Within a year of Desert Storm, Baghdad had managed to repair much of the destruction, the rebels were crushed, Iraq was intact, Hussein was apparently more firmly in control than before the war. He was able to frustrate the UN inspection teams and even, in his own words in July 1992, “thumb his nose” at President Bush. Middle East peace talks, meanwhile, were as always stalled by Arab and Israeli intransigence.
These developments put the ongoing Gulf crisis in a different perspective. In February 1991, the American people had exulted in the triumph of American arms in the desert. There was a feeling of pride and unity in the country not experienced since 1945. Bush had proclaimed, “The specter of Vietnam has been buried forever in the desert sands of the Arabian peninsula,” and had declared in private, “By God, we’ve kicked the Vietnam syndrome once and for all.” He had spoken of “a reestablished credibility for the U.S.” and had proclaimed a new world order based on the principle of unalterable opposition to aggression.
But over the next year the United States stood supinely aside as Iraq committed acts of aggression against the Kurds and Shi’a and as Serbia committed acts of aggression against Croatia and Bosnia, which made it appear that the United States would act quickly, massively, and decisively to counter aggression when it was directed against an oil-rich state, but not otherwise.
Bush’s critics, who had been silenced by the success of Desert Storm, began to speak out. Among the more eloquent were Robert Tucker and David Hendrickson, who wrote that the nation was in the grip of a pathology.
The essence of that pathology consists of the attitude now taken toward the use of force. We have fastened upon a formula for going to war—in which American casualties are minimized and protracted engagements are avoided—that requires the massive use of American firepower and a speedy withdrawal from the scenes of destruction.... Its peculiar vice is that it enables us to go to war with far greater precipitancy than we otherwise might while simultaneously allowing us to walk away from the ruin we create without feeling a commensurate sense of responsibility. It creates an anarchy and calls it peace. In the name of order, it wreaks havoc. It allows us to assume an imperial role without discharging the classic duties of imperial rule.... The Panamanian intervention in 1989, though on a much smaller scale, revealed many of the same characteristics.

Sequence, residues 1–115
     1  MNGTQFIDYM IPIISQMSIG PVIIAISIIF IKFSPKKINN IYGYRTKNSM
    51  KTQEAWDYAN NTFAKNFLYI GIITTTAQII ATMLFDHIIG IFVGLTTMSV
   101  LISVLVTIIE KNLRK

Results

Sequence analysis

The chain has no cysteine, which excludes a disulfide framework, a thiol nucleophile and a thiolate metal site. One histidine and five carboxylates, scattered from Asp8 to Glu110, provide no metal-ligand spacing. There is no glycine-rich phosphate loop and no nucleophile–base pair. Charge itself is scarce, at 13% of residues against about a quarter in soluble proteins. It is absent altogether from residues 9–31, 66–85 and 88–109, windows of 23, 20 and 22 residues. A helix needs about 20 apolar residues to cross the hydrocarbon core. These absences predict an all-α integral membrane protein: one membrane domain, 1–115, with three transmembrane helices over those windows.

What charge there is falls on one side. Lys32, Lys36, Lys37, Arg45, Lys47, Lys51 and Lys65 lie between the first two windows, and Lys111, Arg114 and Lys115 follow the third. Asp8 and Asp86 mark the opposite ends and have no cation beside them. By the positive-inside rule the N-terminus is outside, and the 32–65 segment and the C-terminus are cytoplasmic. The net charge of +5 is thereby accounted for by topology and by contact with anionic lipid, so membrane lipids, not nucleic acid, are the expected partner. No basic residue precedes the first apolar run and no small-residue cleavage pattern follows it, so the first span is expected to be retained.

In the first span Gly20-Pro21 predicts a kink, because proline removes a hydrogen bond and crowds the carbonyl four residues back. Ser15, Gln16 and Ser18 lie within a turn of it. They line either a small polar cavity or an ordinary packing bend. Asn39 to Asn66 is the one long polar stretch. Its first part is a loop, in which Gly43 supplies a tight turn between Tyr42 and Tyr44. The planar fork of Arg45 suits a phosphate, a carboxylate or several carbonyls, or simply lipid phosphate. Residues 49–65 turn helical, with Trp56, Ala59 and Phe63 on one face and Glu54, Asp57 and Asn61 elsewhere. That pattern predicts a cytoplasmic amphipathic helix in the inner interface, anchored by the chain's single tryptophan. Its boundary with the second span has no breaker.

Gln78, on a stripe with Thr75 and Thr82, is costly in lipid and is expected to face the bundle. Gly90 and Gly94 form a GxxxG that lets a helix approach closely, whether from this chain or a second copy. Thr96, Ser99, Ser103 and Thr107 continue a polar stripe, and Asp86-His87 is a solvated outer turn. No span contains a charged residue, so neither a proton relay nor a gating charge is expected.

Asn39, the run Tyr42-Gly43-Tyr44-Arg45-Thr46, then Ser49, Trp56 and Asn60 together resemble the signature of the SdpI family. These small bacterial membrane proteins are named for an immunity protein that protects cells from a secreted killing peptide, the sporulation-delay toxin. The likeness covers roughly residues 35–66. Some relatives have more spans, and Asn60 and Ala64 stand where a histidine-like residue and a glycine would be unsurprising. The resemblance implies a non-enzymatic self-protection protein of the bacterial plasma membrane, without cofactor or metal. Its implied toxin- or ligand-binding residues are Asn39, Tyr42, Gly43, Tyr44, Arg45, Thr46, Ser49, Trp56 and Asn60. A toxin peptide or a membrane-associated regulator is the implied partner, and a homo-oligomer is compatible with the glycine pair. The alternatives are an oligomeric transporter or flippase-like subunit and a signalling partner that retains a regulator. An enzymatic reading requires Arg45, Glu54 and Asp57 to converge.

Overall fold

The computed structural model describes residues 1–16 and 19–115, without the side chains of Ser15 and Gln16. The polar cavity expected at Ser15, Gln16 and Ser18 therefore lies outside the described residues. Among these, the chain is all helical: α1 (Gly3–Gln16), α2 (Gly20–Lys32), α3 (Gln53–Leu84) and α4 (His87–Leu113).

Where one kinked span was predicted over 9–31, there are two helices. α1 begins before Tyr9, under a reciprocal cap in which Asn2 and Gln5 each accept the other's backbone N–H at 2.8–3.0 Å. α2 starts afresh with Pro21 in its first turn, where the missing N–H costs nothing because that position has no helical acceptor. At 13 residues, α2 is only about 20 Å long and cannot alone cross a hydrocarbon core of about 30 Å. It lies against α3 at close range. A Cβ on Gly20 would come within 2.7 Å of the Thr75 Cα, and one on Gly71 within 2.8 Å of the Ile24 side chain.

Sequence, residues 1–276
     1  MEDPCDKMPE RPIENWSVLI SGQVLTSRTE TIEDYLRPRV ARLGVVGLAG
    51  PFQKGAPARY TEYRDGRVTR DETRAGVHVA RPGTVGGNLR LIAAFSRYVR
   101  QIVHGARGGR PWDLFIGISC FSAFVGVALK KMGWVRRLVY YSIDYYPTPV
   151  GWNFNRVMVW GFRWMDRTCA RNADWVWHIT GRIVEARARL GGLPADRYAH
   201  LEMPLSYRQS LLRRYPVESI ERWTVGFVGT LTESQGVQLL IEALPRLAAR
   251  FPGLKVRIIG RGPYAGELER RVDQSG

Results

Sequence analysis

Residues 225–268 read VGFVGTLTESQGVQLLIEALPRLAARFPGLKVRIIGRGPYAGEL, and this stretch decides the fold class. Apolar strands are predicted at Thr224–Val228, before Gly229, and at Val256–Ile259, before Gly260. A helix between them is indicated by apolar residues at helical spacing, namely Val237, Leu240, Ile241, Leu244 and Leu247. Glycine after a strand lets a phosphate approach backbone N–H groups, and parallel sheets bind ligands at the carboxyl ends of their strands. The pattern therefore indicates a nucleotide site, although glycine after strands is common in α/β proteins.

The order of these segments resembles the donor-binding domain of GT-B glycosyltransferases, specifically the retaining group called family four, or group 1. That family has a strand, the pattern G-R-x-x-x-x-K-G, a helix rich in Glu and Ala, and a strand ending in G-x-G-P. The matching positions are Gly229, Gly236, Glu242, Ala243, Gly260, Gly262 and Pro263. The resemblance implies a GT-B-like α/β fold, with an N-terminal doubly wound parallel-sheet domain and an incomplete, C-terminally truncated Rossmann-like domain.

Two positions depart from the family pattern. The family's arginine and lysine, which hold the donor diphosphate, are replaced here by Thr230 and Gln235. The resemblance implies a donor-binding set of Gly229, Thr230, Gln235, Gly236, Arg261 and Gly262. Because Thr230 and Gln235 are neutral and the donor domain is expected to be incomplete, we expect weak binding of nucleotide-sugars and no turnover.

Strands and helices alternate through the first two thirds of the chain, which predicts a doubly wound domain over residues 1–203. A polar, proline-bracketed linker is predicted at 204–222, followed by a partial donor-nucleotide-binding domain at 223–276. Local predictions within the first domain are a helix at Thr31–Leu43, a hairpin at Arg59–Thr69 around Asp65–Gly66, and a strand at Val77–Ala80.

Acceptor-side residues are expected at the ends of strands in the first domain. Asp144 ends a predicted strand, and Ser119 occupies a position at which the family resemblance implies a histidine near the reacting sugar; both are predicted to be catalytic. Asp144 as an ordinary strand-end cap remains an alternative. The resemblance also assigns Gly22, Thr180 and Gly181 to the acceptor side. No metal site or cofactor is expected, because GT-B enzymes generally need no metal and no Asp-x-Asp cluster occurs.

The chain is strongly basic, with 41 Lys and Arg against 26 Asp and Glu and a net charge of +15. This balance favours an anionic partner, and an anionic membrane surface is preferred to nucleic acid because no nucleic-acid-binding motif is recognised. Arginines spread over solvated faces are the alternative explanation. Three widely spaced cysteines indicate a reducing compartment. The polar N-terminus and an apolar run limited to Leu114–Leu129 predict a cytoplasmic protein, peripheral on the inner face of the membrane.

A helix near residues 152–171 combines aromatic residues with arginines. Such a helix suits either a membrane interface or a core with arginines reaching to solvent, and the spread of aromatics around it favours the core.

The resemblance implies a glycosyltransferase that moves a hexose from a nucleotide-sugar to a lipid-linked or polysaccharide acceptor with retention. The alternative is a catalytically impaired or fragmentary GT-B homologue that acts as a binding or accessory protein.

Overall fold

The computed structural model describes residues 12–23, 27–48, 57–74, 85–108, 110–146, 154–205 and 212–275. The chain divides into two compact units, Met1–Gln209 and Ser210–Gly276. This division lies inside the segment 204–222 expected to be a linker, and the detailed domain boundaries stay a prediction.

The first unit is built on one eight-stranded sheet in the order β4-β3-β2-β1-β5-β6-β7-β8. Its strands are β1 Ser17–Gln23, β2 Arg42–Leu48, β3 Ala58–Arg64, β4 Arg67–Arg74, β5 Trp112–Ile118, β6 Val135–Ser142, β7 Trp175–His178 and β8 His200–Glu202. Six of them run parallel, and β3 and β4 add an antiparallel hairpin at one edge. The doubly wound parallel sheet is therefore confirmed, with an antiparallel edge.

So the debate over the role of America in a post-Cold War world was not ended by the success of Desert Storm. Would the nation be the world’s policeman? If so, how selective would the United States be in implementing a doctrine of no reward for aggression? In putting Vietnam behind it, did the United States embrace the imperial temptation to intervene whenever it saw fit, never otherwise? These questions were begging to be answered in the 1992 Presidential election, but Democratic nominee Bill Clinton hardly brought them up in a campaign that stressed the domestic economy. At the end of 1992, following Clinton’s victory in the election, the nation was still groping for a policy to guide its foreign relations in the post-Soviet Union, post-Cold War era.